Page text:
This new edition of The American Psychiatric Publishing Textbook of Personality Disorders has been thoroughly reorganized and updated to reflect new findings, expanded treatment options and considerations, and future directions, such as translational research, enhancing the text's utility while maintaining its reputation as the foremost reference and clinical guide on the subject.
In four exhaustive and enlightening sections, the book covers basic concepts of personality disorders, etiology, clinical assessment, diagnosis, and treatment, and it addresses special issues that may arise with specific populations or settings. In addition, the text offers many features and benefits:
Several chapters describe the intense efforts to identify the scientifically strongest—and clinically relevant—approaches to conceptualizing and enumerating personality traits and pathology. The book does not sidestep ongoing controversies over classification but addresses them head-on by including chapters by experts with competing perspectives.
The hybrid dimensional/categorical alternative model of classification for personality disorders included in the DSM-5 is included in an appendix and thoroughly referenced throughout the volume and discussed in detail in several chapters.
Coverage of current research is up-to-date and extensive. Longitudinal naturalistic studies, which have shown surprising patterns of improvement in patients with selected personality disorders, as well as new and more rigorous treatment studies, have yielded critical findings in recent years, all of which are thoroughly addressed.
Dozens of vivid and detailed case examples are included to illustrate diagnostic and treatment concepts.
The editors have selected a roster of contributors second to none, and the text has been scrupulously edited for consistency of language, tone, and coverage.
As clinical populations become better defined, new and more rigorous treatment studies are being conducted with increasingly promising results. The American Psychiatric Publishing Textbook of Personality Disorders offers clinicians, residents, and trainees in all disciplines a front row seat for the latest findings and clinical innovations in this burgeoning field.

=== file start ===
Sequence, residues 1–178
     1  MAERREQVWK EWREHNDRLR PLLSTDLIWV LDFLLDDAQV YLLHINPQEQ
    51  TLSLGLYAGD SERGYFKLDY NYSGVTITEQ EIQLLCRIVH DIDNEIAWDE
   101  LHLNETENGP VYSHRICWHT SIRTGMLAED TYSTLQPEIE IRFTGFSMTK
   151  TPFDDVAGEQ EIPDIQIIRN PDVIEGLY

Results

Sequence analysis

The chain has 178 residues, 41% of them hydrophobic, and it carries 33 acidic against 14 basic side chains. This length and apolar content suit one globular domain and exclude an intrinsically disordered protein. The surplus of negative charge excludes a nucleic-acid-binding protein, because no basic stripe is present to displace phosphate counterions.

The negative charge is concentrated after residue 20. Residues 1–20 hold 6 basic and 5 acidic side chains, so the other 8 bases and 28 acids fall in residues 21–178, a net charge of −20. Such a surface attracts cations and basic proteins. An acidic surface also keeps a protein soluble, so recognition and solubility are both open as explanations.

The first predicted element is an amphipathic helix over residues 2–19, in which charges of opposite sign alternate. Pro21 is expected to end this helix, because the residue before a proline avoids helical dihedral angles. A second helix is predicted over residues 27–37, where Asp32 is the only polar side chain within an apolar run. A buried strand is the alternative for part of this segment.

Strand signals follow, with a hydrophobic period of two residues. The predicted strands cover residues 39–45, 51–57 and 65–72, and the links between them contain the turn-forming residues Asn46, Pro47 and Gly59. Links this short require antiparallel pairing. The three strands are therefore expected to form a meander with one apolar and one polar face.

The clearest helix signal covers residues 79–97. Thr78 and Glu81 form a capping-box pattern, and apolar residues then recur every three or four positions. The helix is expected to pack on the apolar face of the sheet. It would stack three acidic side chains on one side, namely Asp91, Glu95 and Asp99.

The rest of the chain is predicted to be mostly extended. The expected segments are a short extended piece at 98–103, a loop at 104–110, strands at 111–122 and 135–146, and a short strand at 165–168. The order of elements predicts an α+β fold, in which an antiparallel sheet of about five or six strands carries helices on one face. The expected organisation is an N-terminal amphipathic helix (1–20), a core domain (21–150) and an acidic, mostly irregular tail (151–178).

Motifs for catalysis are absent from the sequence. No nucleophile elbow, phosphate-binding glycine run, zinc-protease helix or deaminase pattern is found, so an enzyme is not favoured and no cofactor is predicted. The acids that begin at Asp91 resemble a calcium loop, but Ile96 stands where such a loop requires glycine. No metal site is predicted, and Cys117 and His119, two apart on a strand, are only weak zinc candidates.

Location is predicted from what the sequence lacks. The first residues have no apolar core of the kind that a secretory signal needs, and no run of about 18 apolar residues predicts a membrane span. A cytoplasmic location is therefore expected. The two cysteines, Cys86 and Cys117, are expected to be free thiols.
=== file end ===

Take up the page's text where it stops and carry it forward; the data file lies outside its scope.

Contents: Personality disorders: recent history and new directions. Part I: Clinical Concepts and Etiology. Theories of personality and personality disorders. Articulating a core dimension of personality pathology. Development, attachment, and childhood experiences. Genetics and neurobiology. Prevalence, sociodemographics, and functional impairment. Manifestations, assessment, and differential diagnosis. Course and outcome of personality disorders. Part II: Treatment. Therapeutic alliance. Psychodynamic psychotherapies and psychoanalysis. Cognitive-behavioral therapy. Group, family, and couples therapies. Psychoeducation. Somatic treatments of personality disorders. Collaborative treatment. Part III: Special Problems, Populations, and Settings. Boundary issues and personality disorders. Assessing and managing suicide risk. Substance use disorders. Antisocial behavior. Personality disorders in the medical setting. Personality disorders in the military operational environment. Part IV: Future Directions. Clinical promise of translational research in borderline personality disorder. An alternative model for personality disorders: DSM-5® section III and beyond. Index.
About the Editors:
John M. Oldham, M.D., M.S., is Senior Vice President and Chief of Staff of The Menninger Clinic; Barbara and Corbin Robertson Jr. Endowed Chair for Personality Disorders; and Professor and Executive Vice Chair of the Menninger Department of Psychiatry and Behavioral Sciences at Baylor College of Medicine in Houston, Texas. Dr. Oldham is Past President of the American Psychiatric Association.
Andrew E. Skodol, M.D., is Research Professor of Psychiatry in the Department of Psychiatry at the University of Arizona College of Medicine in Tucson, Arizona.
Donna S. Bender, Ph.D., is Director of Counseling and Psychological Services at Tulane University in New Orleans, Louisiana.